A poem composed in winter in the Eleventh Month, by His Majesty, when the Major Controller of the Left, Prince Kazuragi, and others, were granted the name Tachibana.
mi sape pana sape
sono pa sape
e ni simo puredo
iya toko pa no ki
O, orange tree:
Fruit and flowers both,
And leaves, too,
Even should frost fall on your branches
Evegreen will you be!
The above poem was composed in winter, on the 9th day of the Eleventh Month, after Prince Kazuragi, Junior Third Rank, and Prince Sai, Junior Fourth Rank, Upper Grade, among others, surrendered their membership of the imperial family and were granted the name of Tachibana. At that time Former Emperor [Genshō], the Emperor [Shōmu], and Empress [Kōmyō], were present in the Empress’ quarters, and hosted a banquet at which poems celebrating the name of Tachibana were composed, and sake was presented to the new members of the family. It is alternatively said, ‘This poem was composed by the Former Emperor. In addition, the Emperor and the Empress each composed a single poem. Those poems were lost and cannot now be located.’ If one seeks copies of the documents now, they say that on the 9th day of the Eleventh Month [Tenpyō] 8 , Prince Kazuragi and other submitted a request to the throne to be granted the name of Tachibana. On the 17th day the request was granted.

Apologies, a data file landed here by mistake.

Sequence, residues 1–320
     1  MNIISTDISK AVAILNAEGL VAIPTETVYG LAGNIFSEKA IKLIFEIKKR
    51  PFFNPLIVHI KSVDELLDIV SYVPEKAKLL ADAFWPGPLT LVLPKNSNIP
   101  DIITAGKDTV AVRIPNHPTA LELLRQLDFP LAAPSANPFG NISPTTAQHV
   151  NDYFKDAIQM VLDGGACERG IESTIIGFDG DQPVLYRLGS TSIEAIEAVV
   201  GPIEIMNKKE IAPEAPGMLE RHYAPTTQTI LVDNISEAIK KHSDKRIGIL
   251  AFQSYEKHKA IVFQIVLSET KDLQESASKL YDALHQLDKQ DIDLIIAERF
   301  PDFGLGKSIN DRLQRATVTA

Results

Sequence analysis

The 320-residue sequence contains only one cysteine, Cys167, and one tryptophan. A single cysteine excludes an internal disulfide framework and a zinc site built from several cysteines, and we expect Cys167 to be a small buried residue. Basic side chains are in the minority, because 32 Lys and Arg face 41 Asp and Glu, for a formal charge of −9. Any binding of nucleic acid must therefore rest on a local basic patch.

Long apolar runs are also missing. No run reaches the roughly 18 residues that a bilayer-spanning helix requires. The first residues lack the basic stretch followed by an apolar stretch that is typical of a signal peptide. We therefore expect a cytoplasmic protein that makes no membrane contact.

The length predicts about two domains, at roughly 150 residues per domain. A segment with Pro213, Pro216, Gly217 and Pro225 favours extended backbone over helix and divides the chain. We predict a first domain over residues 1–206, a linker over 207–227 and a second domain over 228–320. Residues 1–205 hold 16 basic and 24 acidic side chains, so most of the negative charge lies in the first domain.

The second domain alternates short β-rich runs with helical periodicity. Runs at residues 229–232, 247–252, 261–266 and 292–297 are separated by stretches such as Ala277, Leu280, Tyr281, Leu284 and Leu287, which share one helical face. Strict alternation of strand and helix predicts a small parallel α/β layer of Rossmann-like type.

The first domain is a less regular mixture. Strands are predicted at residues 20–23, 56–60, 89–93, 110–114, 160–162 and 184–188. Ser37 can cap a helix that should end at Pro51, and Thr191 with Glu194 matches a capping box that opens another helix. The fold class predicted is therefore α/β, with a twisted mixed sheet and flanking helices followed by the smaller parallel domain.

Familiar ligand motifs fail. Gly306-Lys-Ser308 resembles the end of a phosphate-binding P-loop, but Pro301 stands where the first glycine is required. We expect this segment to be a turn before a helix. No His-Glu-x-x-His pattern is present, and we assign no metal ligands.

The Right state: we cannot admire the Left’s poem. The Left state: in the Right’s poem ‘Has my very life at the hour of snake, its end’ (inochi sae mi no owari) sounds as if it is referring to two different matters.
In judgement: the Left’s poem simply says that after the hour of the snake comes the hour of the horse. It is unnecessary to say such things. The final line certainly seems to have nothing to do with anything. As for the fault of the Right’s poem, ‘life’ and ‘self’ have always had different meanings. Its first line, too, sounds elegant. Once more, the Right should win.